By Vladimir Brezina
Sandy Hook, NJ, a long thin finger that reaches out across the Lower Bay toward New York City, is an irresistible destination for a kayak trip from the city. But once Sandy Hook is off the bow, where to land? The perfect landing site can be elusive. Landing is nowhere actually difficult on Sandy Hook—there is a broad sandy beach almost all the way around (although the ocean side can have significant surf). But in most places it’s a featureless beach, offering no shade in the summer nor shelter from the wind in the winter. Parts of the beach may be off-limits for one reason or another. And besides, we want to have lunch in a picturesque spot, rich both in local sights and sounds and views of the landscape.
There is such a spot on Sandy Hook. A mile and a half down the bay side, right on the beach, there is an overgrown hillock—almost a little island, no more than a few hundred feet across, that is cut off from the rest of Sandy Hook by a salt marsh that floods at high tide. That’s where we like to land on Sandy Hook.
The hillock is actually the crumbling, overgrown ruin of a military installation, a series of concrete blockhouses topped by circular structures that may have been gun emplacements, that probably dates back to the 1950s or 1960s, when Sandy Hook was the site of a Nike missile battery guarding New York City, or even further back into Sandy Hook’s long military history.
The two reasonably well-preserved circular emplacements— there may originally have been a third one between them—are marked “1” and “3” in the satellite view above. I like to think how highly secret an image that shows such detail of military structures would have been in the 1950s and 1960s…
The concrete is crumbling more year by year, and the circular emplacements make perfect planters for growths of prickly pear cactus..
But the elevation offers a lunch spot with great views north toward the tip of Sandy Hook and out over Sandy Hook Bay.
On our last trip to Sandy Hook, these three fishermen were fishing with weighted nets off the beach—or rather, were staring at the water waiting for fish. Although Sandy Hook Bay abounded with schools of small fish that day, they evidently stayed just too far out of reach, and eventually the men walked away disappointed.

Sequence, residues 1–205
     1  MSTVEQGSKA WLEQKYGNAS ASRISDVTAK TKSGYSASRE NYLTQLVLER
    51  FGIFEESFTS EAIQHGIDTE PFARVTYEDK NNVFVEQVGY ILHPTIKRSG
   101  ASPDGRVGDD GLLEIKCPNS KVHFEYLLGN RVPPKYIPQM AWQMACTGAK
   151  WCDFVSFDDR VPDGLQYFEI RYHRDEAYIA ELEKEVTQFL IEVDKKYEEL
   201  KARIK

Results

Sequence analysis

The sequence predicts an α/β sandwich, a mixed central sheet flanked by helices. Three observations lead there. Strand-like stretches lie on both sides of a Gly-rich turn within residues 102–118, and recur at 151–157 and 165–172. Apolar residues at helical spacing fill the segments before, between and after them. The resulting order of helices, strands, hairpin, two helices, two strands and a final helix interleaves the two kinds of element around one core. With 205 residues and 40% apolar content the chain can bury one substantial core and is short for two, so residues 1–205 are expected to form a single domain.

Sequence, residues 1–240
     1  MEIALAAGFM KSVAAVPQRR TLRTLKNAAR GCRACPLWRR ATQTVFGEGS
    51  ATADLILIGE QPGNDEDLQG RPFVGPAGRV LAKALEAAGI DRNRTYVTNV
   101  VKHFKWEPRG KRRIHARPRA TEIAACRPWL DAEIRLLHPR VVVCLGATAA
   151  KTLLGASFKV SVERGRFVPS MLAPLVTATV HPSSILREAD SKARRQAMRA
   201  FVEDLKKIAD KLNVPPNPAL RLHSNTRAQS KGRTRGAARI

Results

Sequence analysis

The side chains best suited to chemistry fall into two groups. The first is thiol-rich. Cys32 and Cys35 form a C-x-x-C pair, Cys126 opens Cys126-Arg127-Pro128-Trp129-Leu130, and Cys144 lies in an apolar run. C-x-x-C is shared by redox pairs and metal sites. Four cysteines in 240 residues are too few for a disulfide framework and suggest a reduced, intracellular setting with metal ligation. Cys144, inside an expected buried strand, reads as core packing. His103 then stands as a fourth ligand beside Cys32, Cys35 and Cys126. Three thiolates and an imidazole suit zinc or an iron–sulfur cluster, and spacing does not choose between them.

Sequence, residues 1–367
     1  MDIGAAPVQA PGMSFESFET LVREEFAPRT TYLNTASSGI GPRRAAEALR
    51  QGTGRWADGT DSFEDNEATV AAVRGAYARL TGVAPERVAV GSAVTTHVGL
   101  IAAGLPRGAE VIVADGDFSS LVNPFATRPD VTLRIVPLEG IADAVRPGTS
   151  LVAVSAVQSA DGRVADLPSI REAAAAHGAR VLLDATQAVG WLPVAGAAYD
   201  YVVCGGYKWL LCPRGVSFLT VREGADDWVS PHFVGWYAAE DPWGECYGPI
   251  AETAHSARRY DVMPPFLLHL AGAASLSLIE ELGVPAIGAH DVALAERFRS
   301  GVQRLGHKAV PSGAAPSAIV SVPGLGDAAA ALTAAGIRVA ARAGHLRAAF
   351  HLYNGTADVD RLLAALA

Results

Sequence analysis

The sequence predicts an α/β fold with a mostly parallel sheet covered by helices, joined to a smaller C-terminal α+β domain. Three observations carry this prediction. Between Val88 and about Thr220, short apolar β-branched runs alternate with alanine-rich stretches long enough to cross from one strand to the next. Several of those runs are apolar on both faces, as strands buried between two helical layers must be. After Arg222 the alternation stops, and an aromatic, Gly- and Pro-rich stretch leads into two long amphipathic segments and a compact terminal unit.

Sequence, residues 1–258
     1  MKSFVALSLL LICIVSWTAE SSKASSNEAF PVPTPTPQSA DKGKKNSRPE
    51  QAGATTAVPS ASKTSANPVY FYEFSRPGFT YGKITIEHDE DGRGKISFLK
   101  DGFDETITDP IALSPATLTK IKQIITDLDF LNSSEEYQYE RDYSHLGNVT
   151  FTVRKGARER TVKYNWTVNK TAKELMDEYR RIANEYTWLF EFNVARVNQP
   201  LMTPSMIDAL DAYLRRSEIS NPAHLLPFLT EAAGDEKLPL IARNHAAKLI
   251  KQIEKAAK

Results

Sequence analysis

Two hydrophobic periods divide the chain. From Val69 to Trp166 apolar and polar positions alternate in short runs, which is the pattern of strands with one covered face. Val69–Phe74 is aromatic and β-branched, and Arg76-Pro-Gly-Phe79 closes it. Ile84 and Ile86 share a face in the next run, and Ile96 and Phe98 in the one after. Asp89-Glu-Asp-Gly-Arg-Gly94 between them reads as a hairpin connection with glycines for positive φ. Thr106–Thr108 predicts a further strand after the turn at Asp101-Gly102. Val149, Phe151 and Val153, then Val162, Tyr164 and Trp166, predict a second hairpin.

On the landward side of the little hillock is a miniature forest crisscrossed by sandy paths, a haven for Monarch butterflies.
And beyond that, the salt marsh.
On our last trip, it was low tide and at the dry edge of the marsh (“2” in the satellite view) we encountered an army of fiddler crabs, emerging from their burrows and snapping their huge yellow claws at us…
The rocky point by emplacement “3” is a favorite fishing spot. And the emplacement itself offers great views not only north but also south, toward Atlantic Highlands and the coast of mainland New Jersey…
After lunch at this idyllic spot, we are refreshed, re-energized, and ready to head across the Lower Bay back to the city!
All these and other photos from Sandy Hook are here and here.
Can’t wait to check out this great little spot one day. Thanks for sharing!
You are welcome, Reid! Highly recommended!
It’s amazing – all this wilderness so close to the man-made jungle of NYC. Love going kayaking with you two:)
Well, nothing is really, truly wild anymore in the greater New York City area. What is amazing to see is how nature survives in and adapts to the interstices of the urban environment, so that in places it manages to be almost the way it was before the city ever existed, and in other places it has created a new natural-urban hybrid that never existed before…
Of course you’re right that nothing’s wild the way it was but it’s thrilling how nature infiltrates and adapts, like any living organism … :)
Yes, exactly :-)
Pingback: Travel Theme: Inviting | Wind Against Current